Monday, December 2nd, 2019
This book is a beautiful tribute to Cindy.
Several talented illustrators have come together to create a unique book about unique animals. Each contributor has a special connection to the book’s original illustrator, Cindy Li. When she was unable to complete the illustrations before passing away in 2018, many of Cindy’s talented friends offered to help finish the project.
I think you should get a copy of this book for the little animal lover in your life this Christmas.
Proceeds from the sale of this book benefit Apollo Li Harris and Orion Li Harris, two out-of-this-world kids who had an amazing mom.
Friday, July 19th, 2019
I’ve shaped this timeline over five months. It might look simple, but it most definitely was not. I liken it to chipping away at a block of marble, or the slow process of evolving a painting, or constructing a poem; endless edits, questions, doubling back, doubts. It was so good to have something meaty to get stuck into, but sometimes it was awful, and many times I considered throwing it away. Overall it was challenging, fun, and worth the effort.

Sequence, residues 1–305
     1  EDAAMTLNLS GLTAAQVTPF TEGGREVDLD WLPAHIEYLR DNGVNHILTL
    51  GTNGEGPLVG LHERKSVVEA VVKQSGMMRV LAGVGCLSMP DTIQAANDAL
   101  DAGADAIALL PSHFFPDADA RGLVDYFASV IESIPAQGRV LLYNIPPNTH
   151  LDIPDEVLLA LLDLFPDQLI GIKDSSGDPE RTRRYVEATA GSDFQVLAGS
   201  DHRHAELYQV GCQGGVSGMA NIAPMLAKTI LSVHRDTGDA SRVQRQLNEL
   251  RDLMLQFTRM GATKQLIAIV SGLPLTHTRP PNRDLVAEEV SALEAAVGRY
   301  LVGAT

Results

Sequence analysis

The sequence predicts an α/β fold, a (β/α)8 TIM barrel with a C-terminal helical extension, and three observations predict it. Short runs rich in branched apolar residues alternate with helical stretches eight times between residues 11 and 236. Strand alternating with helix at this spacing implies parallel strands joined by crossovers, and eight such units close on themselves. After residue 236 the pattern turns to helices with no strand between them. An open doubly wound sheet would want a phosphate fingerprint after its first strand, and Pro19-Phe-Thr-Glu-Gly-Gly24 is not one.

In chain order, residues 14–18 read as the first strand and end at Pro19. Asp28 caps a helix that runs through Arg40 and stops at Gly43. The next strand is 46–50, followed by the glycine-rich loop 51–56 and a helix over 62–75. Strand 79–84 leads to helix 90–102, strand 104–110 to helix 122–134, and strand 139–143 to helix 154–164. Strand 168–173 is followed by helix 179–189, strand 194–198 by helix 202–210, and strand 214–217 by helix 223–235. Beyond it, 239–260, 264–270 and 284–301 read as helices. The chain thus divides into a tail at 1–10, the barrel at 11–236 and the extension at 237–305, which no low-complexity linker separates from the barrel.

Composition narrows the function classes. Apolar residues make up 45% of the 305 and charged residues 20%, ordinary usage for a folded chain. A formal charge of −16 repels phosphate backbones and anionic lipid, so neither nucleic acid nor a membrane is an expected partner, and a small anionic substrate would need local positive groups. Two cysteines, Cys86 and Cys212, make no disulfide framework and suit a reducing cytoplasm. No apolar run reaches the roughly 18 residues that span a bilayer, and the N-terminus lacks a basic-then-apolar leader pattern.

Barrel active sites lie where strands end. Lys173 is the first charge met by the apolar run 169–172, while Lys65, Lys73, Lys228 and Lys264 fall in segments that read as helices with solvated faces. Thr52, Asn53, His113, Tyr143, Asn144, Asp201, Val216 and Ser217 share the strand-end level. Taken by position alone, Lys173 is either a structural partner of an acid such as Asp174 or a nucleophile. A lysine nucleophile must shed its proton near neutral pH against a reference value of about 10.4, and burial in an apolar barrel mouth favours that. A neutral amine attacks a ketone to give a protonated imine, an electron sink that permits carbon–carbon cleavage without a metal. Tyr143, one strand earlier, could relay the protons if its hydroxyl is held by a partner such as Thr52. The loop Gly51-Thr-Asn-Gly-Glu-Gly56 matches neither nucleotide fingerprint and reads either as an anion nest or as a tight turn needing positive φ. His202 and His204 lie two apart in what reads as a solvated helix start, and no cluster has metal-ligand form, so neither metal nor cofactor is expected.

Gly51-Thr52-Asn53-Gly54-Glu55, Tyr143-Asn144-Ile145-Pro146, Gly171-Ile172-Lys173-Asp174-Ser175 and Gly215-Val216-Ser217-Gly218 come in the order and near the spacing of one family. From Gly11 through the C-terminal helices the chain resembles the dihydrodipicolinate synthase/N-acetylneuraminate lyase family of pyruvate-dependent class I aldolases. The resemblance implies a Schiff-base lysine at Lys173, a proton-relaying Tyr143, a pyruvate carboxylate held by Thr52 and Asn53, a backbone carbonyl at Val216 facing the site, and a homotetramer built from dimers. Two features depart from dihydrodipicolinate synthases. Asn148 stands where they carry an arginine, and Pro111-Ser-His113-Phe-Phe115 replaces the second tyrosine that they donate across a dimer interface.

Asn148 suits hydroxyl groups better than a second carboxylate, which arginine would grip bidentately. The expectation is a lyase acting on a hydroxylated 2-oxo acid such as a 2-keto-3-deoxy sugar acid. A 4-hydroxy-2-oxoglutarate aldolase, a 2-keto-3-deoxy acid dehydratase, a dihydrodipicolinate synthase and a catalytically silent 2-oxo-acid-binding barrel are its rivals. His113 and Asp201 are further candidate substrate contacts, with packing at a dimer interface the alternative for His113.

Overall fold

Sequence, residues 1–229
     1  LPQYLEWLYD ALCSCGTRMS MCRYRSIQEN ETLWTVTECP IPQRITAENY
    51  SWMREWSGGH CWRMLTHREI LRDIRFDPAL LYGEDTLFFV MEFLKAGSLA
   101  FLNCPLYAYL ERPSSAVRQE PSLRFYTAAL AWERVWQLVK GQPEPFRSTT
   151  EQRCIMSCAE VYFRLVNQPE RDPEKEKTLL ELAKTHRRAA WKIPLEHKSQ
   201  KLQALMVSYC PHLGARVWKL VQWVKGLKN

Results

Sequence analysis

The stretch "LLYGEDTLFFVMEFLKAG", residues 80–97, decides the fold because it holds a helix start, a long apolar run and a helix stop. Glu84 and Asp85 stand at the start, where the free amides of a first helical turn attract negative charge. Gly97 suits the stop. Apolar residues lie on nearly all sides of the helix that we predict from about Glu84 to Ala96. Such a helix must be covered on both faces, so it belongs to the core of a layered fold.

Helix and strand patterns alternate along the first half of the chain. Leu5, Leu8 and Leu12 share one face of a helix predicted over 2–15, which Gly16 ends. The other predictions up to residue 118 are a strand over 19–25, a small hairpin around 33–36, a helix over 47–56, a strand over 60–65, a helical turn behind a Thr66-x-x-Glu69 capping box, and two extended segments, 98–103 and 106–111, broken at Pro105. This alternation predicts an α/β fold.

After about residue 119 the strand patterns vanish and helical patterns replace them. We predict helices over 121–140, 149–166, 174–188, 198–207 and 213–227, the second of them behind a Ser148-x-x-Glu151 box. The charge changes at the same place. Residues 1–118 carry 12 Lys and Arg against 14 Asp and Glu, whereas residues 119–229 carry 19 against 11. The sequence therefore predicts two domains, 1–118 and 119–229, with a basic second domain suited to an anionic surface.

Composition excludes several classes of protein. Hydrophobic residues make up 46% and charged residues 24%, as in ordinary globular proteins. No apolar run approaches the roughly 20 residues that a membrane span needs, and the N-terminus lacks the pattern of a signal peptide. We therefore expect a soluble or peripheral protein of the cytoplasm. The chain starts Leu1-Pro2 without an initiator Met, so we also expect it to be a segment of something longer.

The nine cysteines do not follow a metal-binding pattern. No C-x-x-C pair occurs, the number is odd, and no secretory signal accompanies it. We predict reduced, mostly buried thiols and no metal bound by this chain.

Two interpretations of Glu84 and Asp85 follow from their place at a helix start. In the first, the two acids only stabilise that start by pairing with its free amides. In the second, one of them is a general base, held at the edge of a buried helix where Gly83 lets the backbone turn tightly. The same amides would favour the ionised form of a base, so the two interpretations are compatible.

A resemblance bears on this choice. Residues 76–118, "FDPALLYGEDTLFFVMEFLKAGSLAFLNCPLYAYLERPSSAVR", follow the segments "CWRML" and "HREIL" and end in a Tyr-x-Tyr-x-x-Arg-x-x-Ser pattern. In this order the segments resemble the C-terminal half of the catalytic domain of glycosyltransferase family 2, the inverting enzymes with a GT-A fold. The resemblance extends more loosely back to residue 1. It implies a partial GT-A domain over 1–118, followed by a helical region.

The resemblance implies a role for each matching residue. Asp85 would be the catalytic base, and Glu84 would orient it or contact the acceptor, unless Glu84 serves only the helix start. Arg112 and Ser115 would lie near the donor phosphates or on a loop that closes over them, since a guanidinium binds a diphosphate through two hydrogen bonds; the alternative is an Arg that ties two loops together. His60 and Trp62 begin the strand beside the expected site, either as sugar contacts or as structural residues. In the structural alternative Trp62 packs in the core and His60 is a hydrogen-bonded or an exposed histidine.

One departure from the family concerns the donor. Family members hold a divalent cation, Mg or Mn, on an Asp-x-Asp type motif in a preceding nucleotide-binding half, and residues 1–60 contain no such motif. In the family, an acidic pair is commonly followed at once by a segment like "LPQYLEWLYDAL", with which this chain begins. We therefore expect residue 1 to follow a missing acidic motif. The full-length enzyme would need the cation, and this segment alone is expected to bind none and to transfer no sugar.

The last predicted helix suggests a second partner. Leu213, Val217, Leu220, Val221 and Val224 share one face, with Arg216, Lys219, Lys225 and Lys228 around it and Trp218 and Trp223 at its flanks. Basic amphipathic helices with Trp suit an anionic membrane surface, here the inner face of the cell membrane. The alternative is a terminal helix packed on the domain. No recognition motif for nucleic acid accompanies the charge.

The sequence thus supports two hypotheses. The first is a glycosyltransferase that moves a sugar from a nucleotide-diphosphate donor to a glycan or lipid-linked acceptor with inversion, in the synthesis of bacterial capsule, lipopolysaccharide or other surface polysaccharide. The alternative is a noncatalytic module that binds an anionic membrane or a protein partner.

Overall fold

Simon describes the process of curating the lovely timeline on his personal homepage.
My timeline is just like me, and just like my life: unfinished, and far from perfect.
Monday, June 24th, 2019
Frank Chimero on causing ‘good trouble’ and re-imagining the status quo to combat achievement culture | Creative Boom
It’s really easy to think that not working full bore is somehow failing your teammates or that withholding effort is poor work ethic and moral weakness. That thought is worth interrogating, though, and it all seems kind of ridiculous once you get it out in the open. There should be no guilt for refusing to work hysterically.